THE BLOG
07/17/2014 11:22 am ET Updated Sep 16, 2014

The Problem With Masculinity

paolomartinezphotography via Getty Images

The other day, I was at the grocery store with my 2-year-old son.

He was sitting in the shopping cart as I pushed him through the prepared foods section. It was lunchtime, and the place was really starting to fill up.

As my eyes scanned the steaming hot trays of vegetables, rice, meat and lasagna, a man, late 30s, started walking by. He was also pushing a shopping cart full of groceries. And there was a little boy, maybe 4, sitting in there, crying softly to himself.

Even though the boy was causing no major disturbance (much less a minor one), the father was visibly flustered. He gave his son a cold, hard look:

"Hey, no crying," he muttered. "What did I tell you about that? You're not supposed to cry."

But the boy sobbed on, his pink eyes spilling tears.

The father let out an exhausted sigh. Then he looked over at my 2-year-old. Pointed at him.

"Look at that boy over there. He's not crying. He knows you're not supposed to cry."

I've heard this nonsense far too many times. Boys being told that they shouldn't express themselves. Being told, even, that it's something only girls do. What is this mad, widespread delusion?

Simple: It's the delusion that masculinity is king. That aggression, toughness and competition trump compassion, expression and collaboration.

We've short-changed our boys and men by defining masculinity in such a way as to constrict the complex essence of their humanity.

Carl Jung believed that everybody came into the world with both masculine and feminine qualities. Men are the physical embodiment of the masculine, yet they all have the feminine archetype within them, known as the anima. And women are the physical embodiment of the feminine, yet they have the masculine archetype within them, called the animus. With these two forces at play within us, we all have the potential to be happy, balanced, and whole in our time on Earth.

Criticizing masculinity doesn't mean pitting males against females. Masculinity is not exclusive to men. We all carry its qualities.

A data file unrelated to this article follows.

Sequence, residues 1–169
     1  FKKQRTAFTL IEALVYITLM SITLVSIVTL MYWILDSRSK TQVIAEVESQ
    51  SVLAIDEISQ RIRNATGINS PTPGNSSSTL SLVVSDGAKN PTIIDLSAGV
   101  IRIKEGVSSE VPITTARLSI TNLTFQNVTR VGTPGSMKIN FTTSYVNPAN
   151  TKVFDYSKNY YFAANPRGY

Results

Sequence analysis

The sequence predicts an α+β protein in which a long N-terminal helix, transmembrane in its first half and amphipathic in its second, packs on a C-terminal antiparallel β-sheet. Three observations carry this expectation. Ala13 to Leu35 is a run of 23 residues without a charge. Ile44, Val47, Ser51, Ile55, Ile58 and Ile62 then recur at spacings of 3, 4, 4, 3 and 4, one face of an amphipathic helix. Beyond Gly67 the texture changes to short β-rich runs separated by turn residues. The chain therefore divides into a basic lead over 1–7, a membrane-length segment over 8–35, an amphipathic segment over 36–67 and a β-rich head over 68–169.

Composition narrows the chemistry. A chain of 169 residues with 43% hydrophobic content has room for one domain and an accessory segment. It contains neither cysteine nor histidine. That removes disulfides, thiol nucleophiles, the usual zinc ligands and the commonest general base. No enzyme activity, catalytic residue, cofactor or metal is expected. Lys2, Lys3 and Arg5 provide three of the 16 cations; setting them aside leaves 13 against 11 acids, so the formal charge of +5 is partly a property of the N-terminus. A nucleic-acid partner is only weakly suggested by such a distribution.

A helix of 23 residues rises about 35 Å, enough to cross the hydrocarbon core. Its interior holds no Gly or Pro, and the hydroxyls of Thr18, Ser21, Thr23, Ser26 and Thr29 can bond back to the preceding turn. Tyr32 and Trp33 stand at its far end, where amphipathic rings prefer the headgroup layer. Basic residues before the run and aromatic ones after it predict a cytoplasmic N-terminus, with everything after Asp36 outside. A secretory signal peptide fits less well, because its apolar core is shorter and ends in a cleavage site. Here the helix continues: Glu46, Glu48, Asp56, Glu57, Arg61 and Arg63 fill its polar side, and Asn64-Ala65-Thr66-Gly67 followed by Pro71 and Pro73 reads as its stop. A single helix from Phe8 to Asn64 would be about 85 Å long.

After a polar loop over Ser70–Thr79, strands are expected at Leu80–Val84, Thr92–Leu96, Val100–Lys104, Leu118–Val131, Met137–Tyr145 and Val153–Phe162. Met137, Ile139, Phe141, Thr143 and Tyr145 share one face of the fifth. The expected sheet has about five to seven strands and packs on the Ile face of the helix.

Moreover, masculinity is not the problem in and of itself. Masculinity -- usually associated with competition, logic, rational thinking, boldness, action and strength -- is only a problem when it's operating in excess.

And the excessive masculine bravado in our culture will only get worse -- until we quit shaming the feminine.

Feminine qualities include intuition, emotional expression, receptiveness, quietness, gentleness, communication and nurturing. In general, these qualities are perceived as weaker than their masculine counterparts.

We see it everywhere we look. We're sold some fiction about the inferiority of femininity on every street corner. We buy into the myth that the superior leaders are the ones who are tough and uncompromising, not the ones who use gentleness and compassion to light the way.

We wage wars -- in our homes, on our streets, under our nations' flags -- putting on a steely front in an attempt to further some cause or another, when peace and collaboration would usually prove the more reasonable, less destructive path.

We poke fun at men who articulate their feelings, who know how to decorate the interior of a house like it's nobody's business, who cry during movies, who decide to quit their jobs to take care of their kids full-time.

And since women are the prime physical embodiment of femininity, we need only look to them to witness the widespread lack of reverence for feminine values.

We're bombarded with countless billboards and commercials and films depicting women as ornamental. There to merely quench the thirsts of our senses.

The amount of women who head major Hollywood productions, who serve as heads of state, and who are ranked among the Fortune 500 is downright abysmal. Men outnumber women in virtually every professional arena.

It's shocking that we let this go on. That we so unconsciously choose to look the other way when it comes to issues of gender and inequality.

A society that shows us that the value of women and femininity is not equal to that of men and masculinity suffers wide gaps in constant formation. Especially when we're told that femininity is just "a woman's thing" and masculinity is just "a man's thing."